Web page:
Animal research procedures rise by 8%

Posted on July 16, 2013 by


The government has published figures for the number of procedures using animals for scientific research in the UK during 2012. There has been an 8% increase on 2011’s figures. There was a 22% increase in the breeding of genetically modified animals, primarily mice. Excluding breeding procedures, the number of procedures decreased by 2%.


Every year, the Home Office publishes the number of procedures carried out using animals in the UK. Procedures can be actual experiments – like testing a drug, taking a blood sample or changing a rat’s diet to see if it gets fatter – but the definition also includes the mating of genetically modified (GM) animals. One procedure usually accounts for one animal but sometimes under tightly controlled conditions approved by the Home Office more than one procedure will be carried out on one animal.

We blogged about last year’s figures here.

What are the new figures?

There were 4.11 million scientific procedures started in 2012, an increase of 317,200 (+8%) compared with 2011. 4.03 million animals were used in these procedures, an increase of 322,689 (+9%) compared with 2011.

The table below shows the number of procedures by the main categories of animals, including the changes from 2011.

Species Number of procedures % of total Change from 2011
Mice 3,058,821 74% +14 %
Fish 500,830 12% -11%
Rats 278,386 6% +2%
Birds 153,933 3% -5%
Horse and other equids  8,482 0.21% +1%
Cats and dogs 5,090 0.12% +6%
Primates  3,020 0.07% +22%
Reptiles/amphibians 513 0.01% +33%

Dogs, cats and primates together account for about 0.13% of procedures (1.4% by number of animals) however there was a rise in the number of procedures in both primates and dogs. Primate procedures rose 22% on last year; however this is partly due to a large drop in primate procedures in 2011 and the figure remains 36% lower than in 2010. Overall, there has been a general decline in the number of primates used since 1988, from over 6,000 down to 3,020.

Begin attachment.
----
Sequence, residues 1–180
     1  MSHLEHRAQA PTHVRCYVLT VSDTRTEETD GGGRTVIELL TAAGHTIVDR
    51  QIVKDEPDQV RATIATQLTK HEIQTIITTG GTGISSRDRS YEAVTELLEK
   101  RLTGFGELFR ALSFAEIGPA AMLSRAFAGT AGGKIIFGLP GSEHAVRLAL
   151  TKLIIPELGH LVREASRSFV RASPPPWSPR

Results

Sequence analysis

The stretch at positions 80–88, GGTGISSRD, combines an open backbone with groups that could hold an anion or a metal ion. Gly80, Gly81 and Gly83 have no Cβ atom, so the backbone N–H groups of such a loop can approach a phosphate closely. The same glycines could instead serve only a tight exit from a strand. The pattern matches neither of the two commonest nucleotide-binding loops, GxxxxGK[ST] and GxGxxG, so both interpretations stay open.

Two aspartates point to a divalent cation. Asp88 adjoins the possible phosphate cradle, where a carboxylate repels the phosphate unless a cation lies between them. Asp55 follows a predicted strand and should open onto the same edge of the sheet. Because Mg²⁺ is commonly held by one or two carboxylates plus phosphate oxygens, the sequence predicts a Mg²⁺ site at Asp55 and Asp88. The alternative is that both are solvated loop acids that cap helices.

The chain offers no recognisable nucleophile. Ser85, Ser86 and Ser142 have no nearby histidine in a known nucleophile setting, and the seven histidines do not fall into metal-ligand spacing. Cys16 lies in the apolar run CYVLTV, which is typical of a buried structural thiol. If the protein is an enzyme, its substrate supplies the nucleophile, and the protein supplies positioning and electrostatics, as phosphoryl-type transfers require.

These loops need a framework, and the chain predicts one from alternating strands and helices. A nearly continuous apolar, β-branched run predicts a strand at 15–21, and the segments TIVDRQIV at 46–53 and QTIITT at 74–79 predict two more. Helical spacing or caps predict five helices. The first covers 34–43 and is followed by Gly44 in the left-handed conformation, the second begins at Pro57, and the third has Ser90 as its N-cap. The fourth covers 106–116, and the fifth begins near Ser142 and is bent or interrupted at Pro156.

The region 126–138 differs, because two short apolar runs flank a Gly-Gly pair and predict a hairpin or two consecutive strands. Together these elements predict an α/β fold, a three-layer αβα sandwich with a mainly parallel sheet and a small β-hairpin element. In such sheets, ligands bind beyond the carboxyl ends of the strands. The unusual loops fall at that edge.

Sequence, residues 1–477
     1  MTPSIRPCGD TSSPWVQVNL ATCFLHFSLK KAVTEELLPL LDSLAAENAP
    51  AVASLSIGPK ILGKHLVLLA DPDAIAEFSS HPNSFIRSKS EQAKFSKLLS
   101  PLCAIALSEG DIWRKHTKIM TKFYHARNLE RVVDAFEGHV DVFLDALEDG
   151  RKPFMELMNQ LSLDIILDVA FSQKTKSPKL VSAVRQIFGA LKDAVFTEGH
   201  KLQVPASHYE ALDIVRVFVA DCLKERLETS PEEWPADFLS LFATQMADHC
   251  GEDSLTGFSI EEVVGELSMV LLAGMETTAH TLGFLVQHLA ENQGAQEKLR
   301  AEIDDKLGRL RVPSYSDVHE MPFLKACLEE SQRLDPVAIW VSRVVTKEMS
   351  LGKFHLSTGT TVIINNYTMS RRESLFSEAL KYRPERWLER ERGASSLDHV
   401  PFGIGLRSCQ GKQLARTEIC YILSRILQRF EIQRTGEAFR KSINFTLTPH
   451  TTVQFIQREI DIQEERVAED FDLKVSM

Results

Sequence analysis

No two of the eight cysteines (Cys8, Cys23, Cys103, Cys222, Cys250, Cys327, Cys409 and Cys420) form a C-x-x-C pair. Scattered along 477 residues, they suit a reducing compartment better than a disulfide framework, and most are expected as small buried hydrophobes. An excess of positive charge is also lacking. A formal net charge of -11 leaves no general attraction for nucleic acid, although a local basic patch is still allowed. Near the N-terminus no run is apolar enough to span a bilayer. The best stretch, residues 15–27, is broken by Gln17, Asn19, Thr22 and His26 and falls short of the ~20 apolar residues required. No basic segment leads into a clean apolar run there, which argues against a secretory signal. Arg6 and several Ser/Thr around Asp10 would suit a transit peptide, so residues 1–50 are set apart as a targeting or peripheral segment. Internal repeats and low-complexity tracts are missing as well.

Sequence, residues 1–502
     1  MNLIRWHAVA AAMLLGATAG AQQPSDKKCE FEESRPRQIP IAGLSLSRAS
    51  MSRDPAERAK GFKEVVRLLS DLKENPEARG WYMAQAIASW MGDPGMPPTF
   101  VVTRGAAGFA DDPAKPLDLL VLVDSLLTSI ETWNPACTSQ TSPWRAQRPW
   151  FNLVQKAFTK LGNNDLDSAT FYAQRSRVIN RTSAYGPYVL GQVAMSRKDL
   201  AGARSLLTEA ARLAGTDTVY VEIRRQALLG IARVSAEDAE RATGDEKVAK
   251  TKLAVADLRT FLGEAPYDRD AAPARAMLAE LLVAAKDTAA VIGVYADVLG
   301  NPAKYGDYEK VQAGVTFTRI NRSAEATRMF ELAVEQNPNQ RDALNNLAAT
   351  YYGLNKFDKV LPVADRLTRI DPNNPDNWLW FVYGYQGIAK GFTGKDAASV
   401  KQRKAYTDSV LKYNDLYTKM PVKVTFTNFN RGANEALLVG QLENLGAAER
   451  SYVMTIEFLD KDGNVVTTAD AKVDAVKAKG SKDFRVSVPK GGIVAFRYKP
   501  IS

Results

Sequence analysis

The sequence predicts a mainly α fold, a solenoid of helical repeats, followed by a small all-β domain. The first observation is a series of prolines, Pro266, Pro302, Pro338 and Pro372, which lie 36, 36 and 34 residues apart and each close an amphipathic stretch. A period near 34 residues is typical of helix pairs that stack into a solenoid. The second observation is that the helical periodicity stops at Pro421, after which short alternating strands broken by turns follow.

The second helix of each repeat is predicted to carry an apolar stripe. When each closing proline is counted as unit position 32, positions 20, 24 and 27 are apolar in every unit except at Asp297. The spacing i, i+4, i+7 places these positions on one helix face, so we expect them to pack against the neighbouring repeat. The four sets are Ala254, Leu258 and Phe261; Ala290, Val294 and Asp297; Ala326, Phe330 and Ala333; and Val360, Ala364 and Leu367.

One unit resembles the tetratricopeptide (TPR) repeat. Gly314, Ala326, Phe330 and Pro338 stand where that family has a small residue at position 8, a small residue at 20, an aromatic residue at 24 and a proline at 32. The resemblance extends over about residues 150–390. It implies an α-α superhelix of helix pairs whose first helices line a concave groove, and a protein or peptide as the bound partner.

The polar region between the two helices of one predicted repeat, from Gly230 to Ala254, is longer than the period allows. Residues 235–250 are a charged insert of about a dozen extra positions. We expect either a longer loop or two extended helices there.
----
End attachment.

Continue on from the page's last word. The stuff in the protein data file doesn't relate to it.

1.8 million procedures were for breeding GM mice or those with harmful mutations, continuing an upward trend from 2001 this was an increase of 317,353 (+22%) compared to 2011. Excluding these, the number of procedures overall actually decreased by 2%. The National Centre for the Replacement, Refinement and Reduction of Animals in Research (NC3Rs) has produced a great factsheet about the use of GM animals in research if you want to know more about their use.

Understanding Animal Research have done further analysis and made some very nice graphs, definitely worth a look.

All documents and supplementary figures are available here.

What do these figures tell us?

In part, more procedures is an indicator of more research underway, which is a good thing for improving healthcare and fighting disease. And the rise in the use of GM animals reflects the increasing importance of these animals in this research.

Although on the face of it a rise in the number of animals being used suggests that we are not successfully reducing the number of animals used in research, the NC3Rs themselves are clear that these figures are not helpful in assessing the impact of the 3Rs. There is not enough detail to see how higher-welfare methods are being used to reduce suffering for example, and how the experiments that are underway have reduced the number of animals used. The NC3Rs has a new more detailed data collection framework to help monitor our success in this area and ensure we can keep improving the 3Rs.

It’s really important that the public understand why animals are necessary in research to understand disease and develop new treatments. The biomedical research sector has committed to greater transparency in animal research through the Declaration on openness, which AMRC signed up to last year along with other charities, research councils, universities, learned societies and industry. These groups are now working together to develop a concordat on openness on animal research – setting out principles, practical steps and measurable objectives which will underpin a more transparent approach to animal research. Our Animal Research Working Group is leading our work to support our members in this and ensure that we are looking to replace, refine and reduce animals used in the research that they fund, including through working with the NC3Rs.

If you would like to know more about animal research why not check out our Q&A.

Posted in: Policy